She embarked on her parenting journey by herself, but with family, friends and some very special neighbours, she’s far from alone
As I write this, I’m sitting on my front porch, drinking a coffee out of my favourite coffee cup. The house is decorated with ghosts and mummies and a pumpkin sits ready to be carved in a couple of weeks for Halloween. On my front lawn is a gaggle of boys, giggling, wrestling and trading Pokémon cards.
It’s the life I dreamt of in high school. I would have a handful of kids, a Labrador or two and an awesome husband. We’d live in a great house and spend our weekends taking the kids to hockey and tennis lessons.
But life never quite leads you on the road you pictured, thank god. There was an awesome guy, who I had planned to marry, but in the end, he wasn’t as awesome as I thought. There was a great house. But I lived in it alone, bought in part with the money that was going to be spent on a wedding. No dogs…yet. And there isn’t a handful of kids. But there is one. Will. He is an incredible, hilarious six-year old boy. We are a strong-willed, loving, evolving team.
Welcome to my new dream. It’s not of the white picket fence variety, but it’s pretty amazing regardless.
As I approached my late thirties, I had accepted that I would be single and childless. I accepted that I would be the cool aunt to my friend’s kids and I would work, travel and accumulate adventures that way. It was easier to say that was what I wanted when the dream seemed to have alluded me.
Then my dad and step-mom said, ‘When are you going to have a baby?’ And like that, it all changed.
I spent the next few months researching adoption—international, domestic and Children’s Aid. I quickly realized that if I wanted this to happen quickly, my best option was to try to get pregnant myself.
I spent a couple weeks scouring over potential sperm donors. I had a cocktail party with my friends to get their feedback on my top ten. Everyone was unanimous on the top two. My friends and family all agreed on one, while I was partial to the other. Since my taste in men had found me in the position I was in, I decided to go with their pick. He was sold-out. Yes. It’s possible.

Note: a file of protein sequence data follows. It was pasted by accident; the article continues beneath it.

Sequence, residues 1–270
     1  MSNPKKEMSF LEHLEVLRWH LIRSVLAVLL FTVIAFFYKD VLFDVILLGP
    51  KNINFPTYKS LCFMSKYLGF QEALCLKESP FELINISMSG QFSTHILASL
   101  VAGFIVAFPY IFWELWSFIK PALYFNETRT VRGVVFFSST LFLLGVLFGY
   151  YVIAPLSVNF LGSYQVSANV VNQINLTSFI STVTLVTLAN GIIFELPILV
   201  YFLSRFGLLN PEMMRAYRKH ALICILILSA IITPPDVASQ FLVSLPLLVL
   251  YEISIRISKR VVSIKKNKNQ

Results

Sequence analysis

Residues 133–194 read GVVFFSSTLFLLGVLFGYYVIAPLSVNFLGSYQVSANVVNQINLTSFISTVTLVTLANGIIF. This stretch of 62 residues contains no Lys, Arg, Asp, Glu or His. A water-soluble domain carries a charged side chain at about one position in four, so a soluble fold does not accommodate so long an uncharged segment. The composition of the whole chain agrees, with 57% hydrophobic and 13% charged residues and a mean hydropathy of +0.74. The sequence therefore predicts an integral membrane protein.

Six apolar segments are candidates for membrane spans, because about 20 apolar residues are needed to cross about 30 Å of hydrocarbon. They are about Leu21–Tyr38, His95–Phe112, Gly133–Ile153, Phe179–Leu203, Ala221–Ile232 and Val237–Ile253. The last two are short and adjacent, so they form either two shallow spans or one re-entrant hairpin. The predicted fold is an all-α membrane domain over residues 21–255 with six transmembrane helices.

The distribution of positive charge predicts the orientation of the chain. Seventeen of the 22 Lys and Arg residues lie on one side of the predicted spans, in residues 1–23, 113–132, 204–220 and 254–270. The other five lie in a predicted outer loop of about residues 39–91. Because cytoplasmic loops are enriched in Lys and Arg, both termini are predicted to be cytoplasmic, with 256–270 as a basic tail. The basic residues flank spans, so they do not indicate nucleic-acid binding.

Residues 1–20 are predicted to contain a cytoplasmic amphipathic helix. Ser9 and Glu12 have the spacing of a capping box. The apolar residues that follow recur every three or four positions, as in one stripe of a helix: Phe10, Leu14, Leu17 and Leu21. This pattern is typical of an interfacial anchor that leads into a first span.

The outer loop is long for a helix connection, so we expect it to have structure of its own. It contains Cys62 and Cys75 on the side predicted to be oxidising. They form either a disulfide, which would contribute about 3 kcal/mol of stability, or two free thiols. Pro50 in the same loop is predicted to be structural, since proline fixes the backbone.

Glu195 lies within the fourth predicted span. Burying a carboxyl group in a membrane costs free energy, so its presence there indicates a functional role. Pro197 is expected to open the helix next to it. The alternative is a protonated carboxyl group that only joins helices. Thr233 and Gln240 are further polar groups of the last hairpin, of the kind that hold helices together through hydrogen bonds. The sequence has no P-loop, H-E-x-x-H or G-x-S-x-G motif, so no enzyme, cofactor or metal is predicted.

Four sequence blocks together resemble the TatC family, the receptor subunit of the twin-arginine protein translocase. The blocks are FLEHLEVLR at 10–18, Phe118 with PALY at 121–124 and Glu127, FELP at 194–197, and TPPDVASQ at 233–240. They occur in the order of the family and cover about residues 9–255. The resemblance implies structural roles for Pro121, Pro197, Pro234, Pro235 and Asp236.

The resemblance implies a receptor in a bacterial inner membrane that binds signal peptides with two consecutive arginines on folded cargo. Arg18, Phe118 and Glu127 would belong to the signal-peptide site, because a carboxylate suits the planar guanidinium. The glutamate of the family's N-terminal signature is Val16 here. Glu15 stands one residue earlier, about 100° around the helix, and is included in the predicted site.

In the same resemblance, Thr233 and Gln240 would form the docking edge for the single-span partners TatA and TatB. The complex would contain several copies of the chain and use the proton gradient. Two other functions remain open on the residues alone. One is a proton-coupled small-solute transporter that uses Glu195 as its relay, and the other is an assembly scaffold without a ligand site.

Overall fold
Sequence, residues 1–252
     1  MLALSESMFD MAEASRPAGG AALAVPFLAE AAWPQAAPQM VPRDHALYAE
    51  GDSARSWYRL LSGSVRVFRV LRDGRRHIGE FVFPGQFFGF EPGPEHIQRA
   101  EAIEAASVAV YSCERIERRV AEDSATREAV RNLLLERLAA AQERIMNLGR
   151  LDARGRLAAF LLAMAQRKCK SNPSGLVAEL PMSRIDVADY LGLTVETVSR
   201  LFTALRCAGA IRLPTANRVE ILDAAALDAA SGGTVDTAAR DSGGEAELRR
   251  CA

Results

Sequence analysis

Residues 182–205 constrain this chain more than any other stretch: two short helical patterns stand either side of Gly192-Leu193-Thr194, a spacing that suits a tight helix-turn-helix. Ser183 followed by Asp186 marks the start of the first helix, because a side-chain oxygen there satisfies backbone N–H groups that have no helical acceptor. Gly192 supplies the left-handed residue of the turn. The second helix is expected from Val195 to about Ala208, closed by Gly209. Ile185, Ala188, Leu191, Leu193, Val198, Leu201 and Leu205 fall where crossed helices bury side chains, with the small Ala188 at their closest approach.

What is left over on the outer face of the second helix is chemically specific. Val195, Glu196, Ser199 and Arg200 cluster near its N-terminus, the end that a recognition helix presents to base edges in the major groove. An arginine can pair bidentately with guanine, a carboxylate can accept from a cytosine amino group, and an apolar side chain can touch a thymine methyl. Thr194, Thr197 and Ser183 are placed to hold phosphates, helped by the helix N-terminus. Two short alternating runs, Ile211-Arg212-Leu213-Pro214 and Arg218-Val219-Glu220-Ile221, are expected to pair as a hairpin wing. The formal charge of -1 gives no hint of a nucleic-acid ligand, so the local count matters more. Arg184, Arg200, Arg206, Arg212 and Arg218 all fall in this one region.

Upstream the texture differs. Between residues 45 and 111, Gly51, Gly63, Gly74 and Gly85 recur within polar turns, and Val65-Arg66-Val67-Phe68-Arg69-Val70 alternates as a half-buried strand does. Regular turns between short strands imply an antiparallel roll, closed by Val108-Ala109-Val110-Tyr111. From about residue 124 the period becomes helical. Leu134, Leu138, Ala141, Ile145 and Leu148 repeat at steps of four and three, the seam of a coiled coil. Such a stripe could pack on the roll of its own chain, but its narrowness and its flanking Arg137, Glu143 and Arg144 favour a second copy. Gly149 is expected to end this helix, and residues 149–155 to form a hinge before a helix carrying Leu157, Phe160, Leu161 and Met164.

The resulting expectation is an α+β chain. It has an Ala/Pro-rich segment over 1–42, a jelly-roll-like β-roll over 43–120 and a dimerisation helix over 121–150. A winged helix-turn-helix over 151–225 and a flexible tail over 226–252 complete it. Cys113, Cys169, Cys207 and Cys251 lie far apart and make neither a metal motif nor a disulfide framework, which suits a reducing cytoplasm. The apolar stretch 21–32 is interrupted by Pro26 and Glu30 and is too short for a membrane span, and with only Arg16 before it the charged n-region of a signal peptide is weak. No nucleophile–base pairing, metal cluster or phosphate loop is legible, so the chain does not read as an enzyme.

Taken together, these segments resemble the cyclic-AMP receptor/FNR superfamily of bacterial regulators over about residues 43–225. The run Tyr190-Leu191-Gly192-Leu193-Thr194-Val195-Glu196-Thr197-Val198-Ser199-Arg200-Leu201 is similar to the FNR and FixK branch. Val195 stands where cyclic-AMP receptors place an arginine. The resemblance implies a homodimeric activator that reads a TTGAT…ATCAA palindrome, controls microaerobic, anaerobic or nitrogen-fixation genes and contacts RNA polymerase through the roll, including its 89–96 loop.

So in the end, Will’s ‘father’ was my choice. And for the first time, I picked perfectly. I was inseminated and pregnant within six months of that conversation with my parents. Nine months later, I arrived home with my 5lb bundle of boy.
Six years later, I realize one very important fact. This was the life I was meant to live. That white-picket fence dream was someone else’s idea of perfect. Not mine. I know I’m a good mother. I’m not sure that I would be a great co-parent.
Are there challenges to being a single-mother-by-choice? Absolutely. But there are challenges in any type of family. The beauty comes in figuring them out, and you can do that just as well alone as with a partner. And if you surround yourself with the right people, you will never feel alone.
And we are surrounded by them. We are blessed to have found a neighbourhood full of friendship and support for both Will and me. I have friends who can not only hug me and offer a glass of wine when I’m about to lose my mind, but who can also show up to help me get a dead mouse out of my bathroom fan. They take Will to school when I’ve thrown out my back and leave care packages on the porch when they know I’m sick. And while I can’t offer up siblings to Will, we live in a semi-detached house where he and his “brothers from another mother” next door scream goodnight to each other through the walls.
I’d put a good deal of money on a bet that Will feels as loved and happy as a kid with two parents. And honestly, as a single woman, I’ve never felt less alone than I do right now.
This is #1000families post number 34. Do you have a family story of your own to contribute to the 1,000 Families Project? Or do you know a family that might want to do so? Learn more about how the series got started and how to get involved here. You can find all of the #1000families posts here.